Reproductive choice is a topic that women have been defining, debating and defending for generations, and is a phrase that has developed highly controversial political connotations. The term currently centers on the issue of abortion and pertains to decisions about when and how many children a woman has. However, when interpreted more holistically, reproductive choice incorporates a variety of questions regarding women’s health and empowerment. One aspect of this definition we tend to forget regards the act of childbirth itself, or how and where a woman wants to have her children. Without appreciating the choices part of this crucial dimension in the reproductive process, we are not pro-choice and we are not a mother or child-friendly nation.
Over time, the course of action a pregnant woman follows has become almost universally prescribed. Visit doctor in office, follow his/her directions, deliver in doctor’s care. Frighteningly, this plan has not resulted in improved maternal or child health. Instead, the United States actually produces worse birth outcomes and higher levels of maternal mortality than other developed nations that rely more heavily on home birth midwives and out-of-hospital practices. Clearly, despite our emphasis on technological equipment, we are missing a crucial link in childbirth care. Perhaps access and respect for true reproductive choice is that link.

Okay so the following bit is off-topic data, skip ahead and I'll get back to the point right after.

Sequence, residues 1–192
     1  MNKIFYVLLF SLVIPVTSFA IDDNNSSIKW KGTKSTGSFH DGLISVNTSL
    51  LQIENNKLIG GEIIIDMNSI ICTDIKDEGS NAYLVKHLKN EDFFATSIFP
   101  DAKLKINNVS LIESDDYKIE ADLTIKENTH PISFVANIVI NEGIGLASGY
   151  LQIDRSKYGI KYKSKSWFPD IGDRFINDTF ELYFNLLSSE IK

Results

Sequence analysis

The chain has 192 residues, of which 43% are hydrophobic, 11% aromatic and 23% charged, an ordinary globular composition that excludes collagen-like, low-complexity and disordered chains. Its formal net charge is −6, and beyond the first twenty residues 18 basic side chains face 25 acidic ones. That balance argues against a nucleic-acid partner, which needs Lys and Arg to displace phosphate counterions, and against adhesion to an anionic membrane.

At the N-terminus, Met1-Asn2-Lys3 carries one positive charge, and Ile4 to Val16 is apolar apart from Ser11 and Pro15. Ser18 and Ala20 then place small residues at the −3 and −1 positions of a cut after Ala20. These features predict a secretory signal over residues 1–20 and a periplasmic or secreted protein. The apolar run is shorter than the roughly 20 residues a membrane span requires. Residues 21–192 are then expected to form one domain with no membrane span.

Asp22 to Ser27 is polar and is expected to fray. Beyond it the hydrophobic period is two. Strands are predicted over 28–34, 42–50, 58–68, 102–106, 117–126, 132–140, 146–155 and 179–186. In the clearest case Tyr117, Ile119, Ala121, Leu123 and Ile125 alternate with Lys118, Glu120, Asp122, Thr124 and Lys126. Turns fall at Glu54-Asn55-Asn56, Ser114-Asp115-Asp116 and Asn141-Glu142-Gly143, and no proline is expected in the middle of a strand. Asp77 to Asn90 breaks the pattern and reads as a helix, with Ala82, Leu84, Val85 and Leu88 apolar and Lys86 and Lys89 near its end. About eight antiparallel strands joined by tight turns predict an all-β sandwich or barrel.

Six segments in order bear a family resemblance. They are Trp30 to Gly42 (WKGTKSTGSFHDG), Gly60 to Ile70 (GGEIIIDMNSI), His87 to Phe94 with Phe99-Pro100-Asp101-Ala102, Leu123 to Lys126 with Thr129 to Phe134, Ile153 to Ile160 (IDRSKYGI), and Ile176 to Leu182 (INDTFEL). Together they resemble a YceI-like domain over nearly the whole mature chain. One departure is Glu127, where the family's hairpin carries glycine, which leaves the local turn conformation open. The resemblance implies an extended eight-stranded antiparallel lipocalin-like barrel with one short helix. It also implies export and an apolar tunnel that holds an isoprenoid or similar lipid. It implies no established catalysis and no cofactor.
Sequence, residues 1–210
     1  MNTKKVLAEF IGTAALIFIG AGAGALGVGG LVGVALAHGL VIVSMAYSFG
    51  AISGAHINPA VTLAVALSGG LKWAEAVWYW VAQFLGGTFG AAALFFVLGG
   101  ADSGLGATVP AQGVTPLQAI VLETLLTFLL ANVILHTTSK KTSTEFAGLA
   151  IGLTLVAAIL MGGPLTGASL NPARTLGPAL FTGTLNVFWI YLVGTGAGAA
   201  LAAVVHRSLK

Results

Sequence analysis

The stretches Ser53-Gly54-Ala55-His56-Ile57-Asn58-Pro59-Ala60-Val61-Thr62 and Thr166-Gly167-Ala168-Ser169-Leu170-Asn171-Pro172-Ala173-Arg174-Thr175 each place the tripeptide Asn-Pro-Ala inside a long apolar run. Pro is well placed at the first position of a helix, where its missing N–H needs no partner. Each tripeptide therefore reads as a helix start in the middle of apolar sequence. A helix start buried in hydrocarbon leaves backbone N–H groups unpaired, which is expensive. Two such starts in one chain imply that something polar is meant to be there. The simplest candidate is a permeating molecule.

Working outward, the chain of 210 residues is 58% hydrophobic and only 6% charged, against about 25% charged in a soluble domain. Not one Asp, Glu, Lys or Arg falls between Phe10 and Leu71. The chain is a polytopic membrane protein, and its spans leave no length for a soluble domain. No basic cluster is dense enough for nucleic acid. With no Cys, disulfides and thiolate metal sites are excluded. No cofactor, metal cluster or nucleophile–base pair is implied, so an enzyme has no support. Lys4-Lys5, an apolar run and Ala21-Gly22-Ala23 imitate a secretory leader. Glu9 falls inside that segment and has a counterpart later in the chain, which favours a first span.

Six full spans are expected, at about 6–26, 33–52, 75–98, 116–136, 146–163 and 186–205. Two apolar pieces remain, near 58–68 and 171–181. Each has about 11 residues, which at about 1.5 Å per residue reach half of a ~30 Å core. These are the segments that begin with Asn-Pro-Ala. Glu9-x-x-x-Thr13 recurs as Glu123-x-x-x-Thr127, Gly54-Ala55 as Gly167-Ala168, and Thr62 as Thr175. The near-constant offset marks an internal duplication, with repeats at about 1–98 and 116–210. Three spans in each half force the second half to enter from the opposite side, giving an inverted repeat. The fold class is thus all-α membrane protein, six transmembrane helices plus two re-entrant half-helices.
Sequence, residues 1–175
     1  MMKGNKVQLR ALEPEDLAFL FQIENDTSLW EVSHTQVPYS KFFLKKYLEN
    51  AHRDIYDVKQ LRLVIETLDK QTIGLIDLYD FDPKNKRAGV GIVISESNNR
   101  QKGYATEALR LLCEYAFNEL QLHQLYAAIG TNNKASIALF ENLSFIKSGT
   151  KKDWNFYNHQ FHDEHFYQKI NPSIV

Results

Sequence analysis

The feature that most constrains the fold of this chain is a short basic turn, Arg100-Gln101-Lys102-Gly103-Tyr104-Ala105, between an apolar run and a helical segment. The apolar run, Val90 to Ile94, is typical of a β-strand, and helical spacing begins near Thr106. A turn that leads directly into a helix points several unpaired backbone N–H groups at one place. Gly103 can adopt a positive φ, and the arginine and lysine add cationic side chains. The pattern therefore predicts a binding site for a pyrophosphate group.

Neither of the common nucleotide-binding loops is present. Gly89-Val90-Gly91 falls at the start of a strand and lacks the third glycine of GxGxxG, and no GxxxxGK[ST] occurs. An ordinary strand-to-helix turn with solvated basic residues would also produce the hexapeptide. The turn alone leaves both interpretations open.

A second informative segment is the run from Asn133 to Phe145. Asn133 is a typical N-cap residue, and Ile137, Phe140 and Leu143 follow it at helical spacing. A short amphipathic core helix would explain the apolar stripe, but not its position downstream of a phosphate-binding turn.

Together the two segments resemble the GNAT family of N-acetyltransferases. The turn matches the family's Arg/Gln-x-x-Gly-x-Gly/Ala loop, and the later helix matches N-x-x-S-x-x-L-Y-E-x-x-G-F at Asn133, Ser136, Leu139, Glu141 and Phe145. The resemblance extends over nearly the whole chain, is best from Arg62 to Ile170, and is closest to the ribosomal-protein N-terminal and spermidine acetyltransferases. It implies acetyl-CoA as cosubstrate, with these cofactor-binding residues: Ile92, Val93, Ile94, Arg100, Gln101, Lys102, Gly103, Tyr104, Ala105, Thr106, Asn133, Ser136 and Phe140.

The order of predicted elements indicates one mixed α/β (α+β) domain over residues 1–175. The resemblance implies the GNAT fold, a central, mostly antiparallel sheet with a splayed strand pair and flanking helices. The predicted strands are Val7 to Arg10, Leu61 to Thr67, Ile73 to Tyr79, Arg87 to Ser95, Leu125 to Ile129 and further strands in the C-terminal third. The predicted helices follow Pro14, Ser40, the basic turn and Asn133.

Though not widely recognized, there are several choices available to women in childbirth, all of which can have better birth outcomes than hospital delivery. These include options for where to give birth and who will provide care during the delivery; decisions that empower the woman and give her control of her surroundings. Unfortunately, as a nation we are often still not supportive of women’s right to choose these things; many of these alternatives are made nearly impossible by systems hoping to maintain the money-making nature of our current medical infrastructure.
Though obstetrical specialists have been recognized as the primary attendant for pregnant women, no matter where you give birth, there are often other options to choose. If you prefer or require a hospital birth, you can still choose a family practice doctor, rather than a specialist. Additionally, nurse-midwives – women trained as nurses with a specialty in the de-medicalized care of natural childbirth – are also licensed to perform hospital deliveries in every state.
If you are hoping to escape the confines of a hospital system, you can choose to deliver in freestanding birthing centers or your own home. In these facilities, you can work with nurse-midwives or Certified Professional Midwives, women trained outside of the official medical system.
In upcoming articles I will provide more in-depth information on caregiver and birthing space options. We must reconsider how we see birth and maternal health in this country. Hopefully, with a better emphasis on holistic reproductive choice, maternal and child health will finally improve.